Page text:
A client asked me to do an assessment. He wasn’t sure agile was working for their teams. The standup meetings felt like micromanagement. People were on several projects, so they didn’t meet their commitments. The project manager had to translate the project’s progress and status to Gantt charts. Worst of all, people went through the motions of agile, but they were not happy about it.
I asked him several questions about how they had transitioned to agile:
- How long are your iterations?
- Does each item in your backlog get to “done” at the end of the iteration, or do you have work that is not complete at the end?
- Does the team have a retrospective at the end of each iteration?
- How much work is in progress at any given time?
- What does your velocity chart look like?
How Long Are Your Iterations?|
Some people like short iterations, such as one or two weeks. Some teams think they can’t possibly accomplish anything in a two-week iteration. Or, they see the iteration planning as overhead.
I have found that I can ask two questions to determine a good guideline for iteration duration:
- When do you need feedback?
- How much can you afford to throw away?
Teams transitioning from waterfall are accustomed to thinking about large feature sets, not small features. You can help the team by refocusing their attention. Instead of thinking about everything they have to do, when you ask these questions the team members think about smaller chunks.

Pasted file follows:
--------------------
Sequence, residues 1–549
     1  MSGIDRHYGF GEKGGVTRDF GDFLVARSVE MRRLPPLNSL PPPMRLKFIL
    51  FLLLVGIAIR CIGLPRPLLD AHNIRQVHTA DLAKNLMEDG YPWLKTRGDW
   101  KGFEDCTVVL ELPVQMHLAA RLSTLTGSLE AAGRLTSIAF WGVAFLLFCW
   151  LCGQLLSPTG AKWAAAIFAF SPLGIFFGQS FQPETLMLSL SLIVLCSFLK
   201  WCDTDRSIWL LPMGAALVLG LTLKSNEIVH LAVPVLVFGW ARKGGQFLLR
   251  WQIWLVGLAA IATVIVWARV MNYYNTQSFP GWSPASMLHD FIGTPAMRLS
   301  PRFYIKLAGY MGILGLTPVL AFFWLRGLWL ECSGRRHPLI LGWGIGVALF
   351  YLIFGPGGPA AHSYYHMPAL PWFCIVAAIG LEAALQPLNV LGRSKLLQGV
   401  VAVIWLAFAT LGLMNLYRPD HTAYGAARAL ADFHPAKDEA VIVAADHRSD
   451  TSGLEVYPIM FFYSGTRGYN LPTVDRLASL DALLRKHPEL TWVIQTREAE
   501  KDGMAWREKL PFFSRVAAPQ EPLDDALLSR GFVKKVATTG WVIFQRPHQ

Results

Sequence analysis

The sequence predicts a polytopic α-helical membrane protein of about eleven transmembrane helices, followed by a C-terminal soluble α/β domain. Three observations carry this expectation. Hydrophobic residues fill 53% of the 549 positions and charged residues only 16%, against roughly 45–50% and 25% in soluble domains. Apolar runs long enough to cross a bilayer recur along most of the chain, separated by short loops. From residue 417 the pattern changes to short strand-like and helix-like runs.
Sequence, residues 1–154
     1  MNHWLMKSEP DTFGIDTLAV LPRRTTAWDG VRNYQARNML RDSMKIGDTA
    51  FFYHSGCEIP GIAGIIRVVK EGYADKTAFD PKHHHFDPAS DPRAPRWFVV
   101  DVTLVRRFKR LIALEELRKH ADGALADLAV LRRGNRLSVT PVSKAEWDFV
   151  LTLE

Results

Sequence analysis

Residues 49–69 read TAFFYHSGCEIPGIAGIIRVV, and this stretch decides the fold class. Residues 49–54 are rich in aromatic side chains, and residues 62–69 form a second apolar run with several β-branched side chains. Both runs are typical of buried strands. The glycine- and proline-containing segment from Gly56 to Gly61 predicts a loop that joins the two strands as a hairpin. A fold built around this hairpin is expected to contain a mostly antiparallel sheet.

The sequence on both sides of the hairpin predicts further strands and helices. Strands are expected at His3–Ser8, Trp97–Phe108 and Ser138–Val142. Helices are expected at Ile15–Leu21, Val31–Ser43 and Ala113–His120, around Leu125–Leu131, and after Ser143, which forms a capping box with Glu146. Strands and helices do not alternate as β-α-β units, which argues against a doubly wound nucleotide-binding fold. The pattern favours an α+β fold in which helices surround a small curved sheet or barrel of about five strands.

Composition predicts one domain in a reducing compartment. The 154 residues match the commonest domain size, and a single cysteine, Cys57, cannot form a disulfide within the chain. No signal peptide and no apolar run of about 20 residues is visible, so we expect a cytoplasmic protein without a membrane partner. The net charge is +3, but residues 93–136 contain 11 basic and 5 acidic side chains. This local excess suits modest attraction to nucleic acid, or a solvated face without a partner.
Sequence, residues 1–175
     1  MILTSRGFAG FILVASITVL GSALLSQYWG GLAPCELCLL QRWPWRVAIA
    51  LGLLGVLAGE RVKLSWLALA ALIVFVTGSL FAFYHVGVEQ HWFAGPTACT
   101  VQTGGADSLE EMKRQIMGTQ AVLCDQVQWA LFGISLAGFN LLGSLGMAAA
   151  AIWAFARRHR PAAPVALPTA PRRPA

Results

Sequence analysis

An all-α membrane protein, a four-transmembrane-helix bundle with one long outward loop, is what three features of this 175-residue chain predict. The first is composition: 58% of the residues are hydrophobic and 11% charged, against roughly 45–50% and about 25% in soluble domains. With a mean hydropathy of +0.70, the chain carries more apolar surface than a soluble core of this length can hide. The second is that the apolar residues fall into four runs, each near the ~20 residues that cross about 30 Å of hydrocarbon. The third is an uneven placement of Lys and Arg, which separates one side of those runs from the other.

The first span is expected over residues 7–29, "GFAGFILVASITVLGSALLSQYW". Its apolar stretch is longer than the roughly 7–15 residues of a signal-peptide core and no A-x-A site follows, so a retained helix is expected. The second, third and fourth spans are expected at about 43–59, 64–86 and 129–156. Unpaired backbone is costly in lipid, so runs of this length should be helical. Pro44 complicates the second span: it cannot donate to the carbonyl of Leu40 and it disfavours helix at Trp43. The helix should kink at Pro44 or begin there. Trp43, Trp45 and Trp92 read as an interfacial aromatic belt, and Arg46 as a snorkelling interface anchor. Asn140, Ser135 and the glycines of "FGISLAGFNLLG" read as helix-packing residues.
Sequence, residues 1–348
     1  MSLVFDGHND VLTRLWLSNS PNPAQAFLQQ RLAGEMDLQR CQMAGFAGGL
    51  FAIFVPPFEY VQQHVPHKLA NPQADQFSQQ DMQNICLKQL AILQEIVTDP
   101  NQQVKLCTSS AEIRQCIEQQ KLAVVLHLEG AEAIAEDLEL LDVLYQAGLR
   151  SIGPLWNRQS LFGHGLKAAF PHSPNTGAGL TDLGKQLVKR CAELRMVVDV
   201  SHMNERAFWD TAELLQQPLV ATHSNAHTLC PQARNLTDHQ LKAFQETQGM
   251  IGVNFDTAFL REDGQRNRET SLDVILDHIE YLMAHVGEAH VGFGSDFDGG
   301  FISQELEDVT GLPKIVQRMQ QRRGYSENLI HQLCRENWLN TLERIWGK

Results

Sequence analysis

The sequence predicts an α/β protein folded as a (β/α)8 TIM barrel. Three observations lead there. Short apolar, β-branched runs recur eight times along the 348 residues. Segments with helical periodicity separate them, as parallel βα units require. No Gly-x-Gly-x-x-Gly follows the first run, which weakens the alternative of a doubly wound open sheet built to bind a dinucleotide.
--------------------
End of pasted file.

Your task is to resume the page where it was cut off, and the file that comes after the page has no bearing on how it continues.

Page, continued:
You might discover that they want feedback each week. You can suggest one-week iterations and ask, “How can we get feedback each week?”
If you ask the throwaway question, people realize agile is about the ability to change. Sometimes, even when the team delivers a great user story, the product owner realizes that’s not the story he or she needs. Uh oh. Team members realize they don’t want to work for many weeks and have to throw their work away.
Does Each Item Achieve “Done”?
Some teams have the notion of “done”, “done-done” and “done-done-done”. Frankly, I don’t understand all those dones. To me, the product is either “releaseable” or it’s not.
When you ask this question, you might discover impediments to releaseable. You might discover that the testers aren’t integrated into the iteration. You might discover there is another team who releases the features. Is that team agile? If not, your team members may have interruptions later, when they are already on to other work. That’s multitasking, and it kills your project’s momentum.
Does the Team Reflect?
Agile is built around the idea that teams inspect and adapt everything so the team can change: their work process, their assumptions and their product. The team doesn’t have to change. However, the teams that don’t build in retrospectives tend to repeat behavior that doesn’t work for them.
In this case, the team hadn’t done a retrospective in six months. Instead, they complained about how their standups weren’t working for them when they ate lunch together.
The project manager facilitated a retrospective at the end of the next iteration. That’s when the team members discovered managers were handing them extra work that wasn’t counted in the iteration–but was necessary for them to complete to get good performance evaluations.